This is a revised version of a competitive renewal of NIH grant 5R01DK033201-30. Since its inception, a major focus of this grant has been the study of the role of phosphorylation of insulin receptor substrates (IRS) and their downstream partners in insulin action and insulin resistance. Under this grant we have shown how different IRS proteins play differential roles in different insulin actions both in vivo and in vitro. We have identified and characterized at a molecular level a number of molecules and pathways that modify IRS signaling, including the stress kinases, SOCS proteins and the UPR. This work has led us to develop a new model of the insulin signaling network in which there are critical nodes which allow signal divergence into different pathways that provide complementary information to different downstream actions of insulin. These critical nodes also provide sites of positive and negative regulation of signaling and crosstalk between the insulin signaling pathway and other signaling pathways that can lead to alterations in insulin action in disease. The second major and growing focus of this grant has been to determine how genetic and acquired alterations in these signaling pathways can lead to insulin resistant states, such as type 2 diabetes and metabolic syndrome. Recently, we have focused on how small differences in either genes or environment can alter insulin action and diabetes risk. Using a combination of genetics, genomics and proteomics, we have shown how differences in expression of background genes in different strains of mice, such as protein kinase C (PKC) ?, can act as potent modifiers of insulin sensitivity between mouse strains. In very exciting recent studies using mice of three different genetic backgrounds, either commercially obtained or bred at Joslin, we have also shown how differences in environmental factors, including differences in the gut microbiome, can interact with genetic background and diet to contribute to important differences in development of obesity and insulin resistance between strains of mice.
The specific aims for the next five years, moving forward progressively, are to: 1) continue to elucidate differences in IRS signaling complexes and their interacting downstream partners in different tissues using proteomic and phosphoproteomic approaches;2) define the role and mechanisms by which background genes, especially PKC?, can modify insulin action at a molecular level including targets in the insulin signaling cascade and in the mitochondrion;and 3) using a new model system of mice with three different genetic backgrounds, either commercially obtained or environmentally conditioned at Joslin, determine how differences in the gut microbiome may also contribute to differences in insulin resistance and development of obesity and diabetes. The ultimate goal of this project is to define the critical nodes of regulation in the insulin signaling network in both normal and disease states and determine how genes and environment interact to create insulin resistance at a physiological and molecular level in obesity, diabetes and the metabolic syndrome.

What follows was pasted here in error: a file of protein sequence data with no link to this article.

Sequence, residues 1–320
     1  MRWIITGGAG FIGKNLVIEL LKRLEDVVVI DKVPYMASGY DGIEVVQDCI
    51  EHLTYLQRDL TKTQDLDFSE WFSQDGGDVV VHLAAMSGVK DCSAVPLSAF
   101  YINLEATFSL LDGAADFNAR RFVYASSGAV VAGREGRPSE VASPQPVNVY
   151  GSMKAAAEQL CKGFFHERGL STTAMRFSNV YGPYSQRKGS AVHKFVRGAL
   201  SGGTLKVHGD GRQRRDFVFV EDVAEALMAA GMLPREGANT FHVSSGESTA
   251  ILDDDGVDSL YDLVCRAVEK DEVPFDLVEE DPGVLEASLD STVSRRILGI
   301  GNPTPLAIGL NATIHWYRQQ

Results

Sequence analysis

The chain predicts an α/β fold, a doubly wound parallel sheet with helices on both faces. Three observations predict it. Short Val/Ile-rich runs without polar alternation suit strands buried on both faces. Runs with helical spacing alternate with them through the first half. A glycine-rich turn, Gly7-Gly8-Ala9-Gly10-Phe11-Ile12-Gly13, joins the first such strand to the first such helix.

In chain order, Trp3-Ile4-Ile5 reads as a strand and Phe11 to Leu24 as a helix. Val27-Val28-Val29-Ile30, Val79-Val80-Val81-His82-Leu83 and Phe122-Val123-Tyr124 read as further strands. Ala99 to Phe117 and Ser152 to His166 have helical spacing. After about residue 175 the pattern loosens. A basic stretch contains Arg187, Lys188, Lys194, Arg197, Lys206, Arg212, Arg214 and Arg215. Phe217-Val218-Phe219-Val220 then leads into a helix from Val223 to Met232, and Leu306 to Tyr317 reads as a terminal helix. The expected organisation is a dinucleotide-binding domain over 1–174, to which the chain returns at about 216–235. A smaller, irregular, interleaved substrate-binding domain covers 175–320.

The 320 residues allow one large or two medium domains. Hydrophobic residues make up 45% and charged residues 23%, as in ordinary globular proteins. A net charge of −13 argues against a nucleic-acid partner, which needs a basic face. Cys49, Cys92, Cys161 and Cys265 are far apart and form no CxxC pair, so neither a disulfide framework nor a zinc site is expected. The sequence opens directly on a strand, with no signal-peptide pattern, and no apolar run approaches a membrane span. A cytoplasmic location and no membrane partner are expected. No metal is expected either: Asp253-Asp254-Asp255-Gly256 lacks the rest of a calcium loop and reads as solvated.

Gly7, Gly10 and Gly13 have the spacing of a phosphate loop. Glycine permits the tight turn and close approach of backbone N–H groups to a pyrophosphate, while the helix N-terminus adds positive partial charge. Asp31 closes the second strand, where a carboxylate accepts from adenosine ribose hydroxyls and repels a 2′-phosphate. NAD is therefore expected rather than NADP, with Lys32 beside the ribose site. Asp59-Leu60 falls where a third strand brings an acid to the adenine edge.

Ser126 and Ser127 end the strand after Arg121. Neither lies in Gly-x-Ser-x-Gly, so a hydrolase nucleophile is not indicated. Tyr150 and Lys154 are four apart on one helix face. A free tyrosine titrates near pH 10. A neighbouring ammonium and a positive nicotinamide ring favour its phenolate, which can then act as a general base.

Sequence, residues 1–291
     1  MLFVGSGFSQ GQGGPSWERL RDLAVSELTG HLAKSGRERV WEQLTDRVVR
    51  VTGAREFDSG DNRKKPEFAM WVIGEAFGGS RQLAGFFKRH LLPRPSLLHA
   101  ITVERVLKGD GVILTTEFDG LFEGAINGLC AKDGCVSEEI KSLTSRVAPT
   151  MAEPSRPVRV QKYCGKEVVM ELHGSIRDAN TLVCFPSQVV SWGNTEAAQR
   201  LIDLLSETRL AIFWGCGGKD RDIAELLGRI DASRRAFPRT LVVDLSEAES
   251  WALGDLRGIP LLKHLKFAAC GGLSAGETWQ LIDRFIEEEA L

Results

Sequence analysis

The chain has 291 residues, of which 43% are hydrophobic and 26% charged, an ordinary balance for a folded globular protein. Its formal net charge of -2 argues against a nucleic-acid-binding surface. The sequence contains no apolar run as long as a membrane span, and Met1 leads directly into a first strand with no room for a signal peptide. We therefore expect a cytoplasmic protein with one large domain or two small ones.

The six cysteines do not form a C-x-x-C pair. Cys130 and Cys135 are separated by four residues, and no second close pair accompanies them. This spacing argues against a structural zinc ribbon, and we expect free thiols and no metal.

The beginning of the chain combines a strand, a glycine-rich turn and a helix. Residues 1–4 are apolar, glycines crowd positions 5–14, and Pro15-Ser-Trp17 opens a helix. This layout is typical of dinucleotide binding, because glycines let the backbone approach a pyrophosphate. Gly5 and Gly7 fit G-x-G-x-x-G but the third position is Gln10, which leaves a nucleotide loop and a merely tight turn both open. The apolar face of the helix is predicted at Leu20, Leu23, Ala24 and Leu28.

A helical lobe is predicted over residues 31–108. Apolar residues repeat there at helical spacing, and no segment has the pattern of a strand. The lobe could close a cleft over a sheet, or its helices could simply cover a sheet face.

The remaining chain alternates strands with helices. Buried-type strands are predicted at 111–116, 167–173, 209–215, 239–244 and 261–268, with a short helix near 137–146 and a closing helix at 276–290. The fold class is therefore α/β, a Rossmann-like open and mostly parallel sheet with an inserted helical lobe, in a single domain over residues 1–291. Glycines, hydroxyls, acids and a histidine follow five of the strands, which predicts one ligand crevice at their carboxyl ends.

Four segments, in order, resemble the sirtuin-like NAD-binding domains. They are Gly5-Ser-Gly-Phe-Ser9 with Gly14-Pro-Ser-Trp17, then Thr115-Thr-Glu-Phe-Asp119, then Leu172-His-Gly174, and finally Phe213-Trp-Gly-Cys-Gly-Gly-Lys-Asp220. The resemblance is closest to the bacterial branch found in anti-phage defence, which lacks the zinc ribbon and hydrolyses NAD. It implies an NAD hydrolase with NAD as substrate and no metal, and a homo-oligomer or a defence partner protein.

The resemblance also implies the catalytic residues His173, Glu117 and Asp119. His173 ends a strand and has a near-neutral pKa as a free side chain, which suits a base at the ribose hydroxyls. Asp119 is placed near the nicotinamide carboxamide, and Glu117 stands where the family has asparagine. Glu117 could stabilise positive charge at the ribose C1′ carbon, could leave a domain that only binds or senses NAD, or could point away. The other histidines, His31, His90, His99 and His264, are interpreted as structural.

Public Health Relevance

This grant studies mechanisms of insulin action and insulin resistance at a molecular level both in cellular and animal models. A major and growing focus of this grant has been to determine how genetic and environment interact to lead to insulin resistant states and type 2 diabetes. We are also looking at how internal environment, in the form of intestinal bacteria, can contribute to differences in insulin resistance and development of obesity and diabetes.

Agency
National Institute of Health (NIH)
Institute
National Institute of Diabetes and Digestive and Kidney Diseases (NIDDK)
Type
Research Project (R01)
Project #
5R01DK033201-31
Application #
8733149
Study Section
Integrative Physiology of Obesity and Diabetes Study Section (IPOD)
Program Officer
Sechi, Salvatore
Project Start
1983-12-01
Project End
2017-04-30
Budget Start
2014-05-01
Budget End
2015-04-30
Support Year
31
Fiscal Year
2014
Total Cost
Indirect Cost
Name
Joslin Diabetes Center
Department
Type
DUNS #
City
Boston
State
MA
Country
United States
Zip Code
02215
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Kleinridders, Andre; Cai, Weikang; Cappellucci, Laura et al. (2015) Insulin resistance in brain alters dopamine turnover and causes behavioral disorders. Proc Natl Acad Sci U S A 112:3463-8
Vienberg, Sara Gry; Kleinridders, André; Suzuki, Ryo et al. (2015) Differential effects of angiopoietin-like 4 in brain and muscle on regulation of lipoprotein lipase activity. Mol Metab 4:144-50

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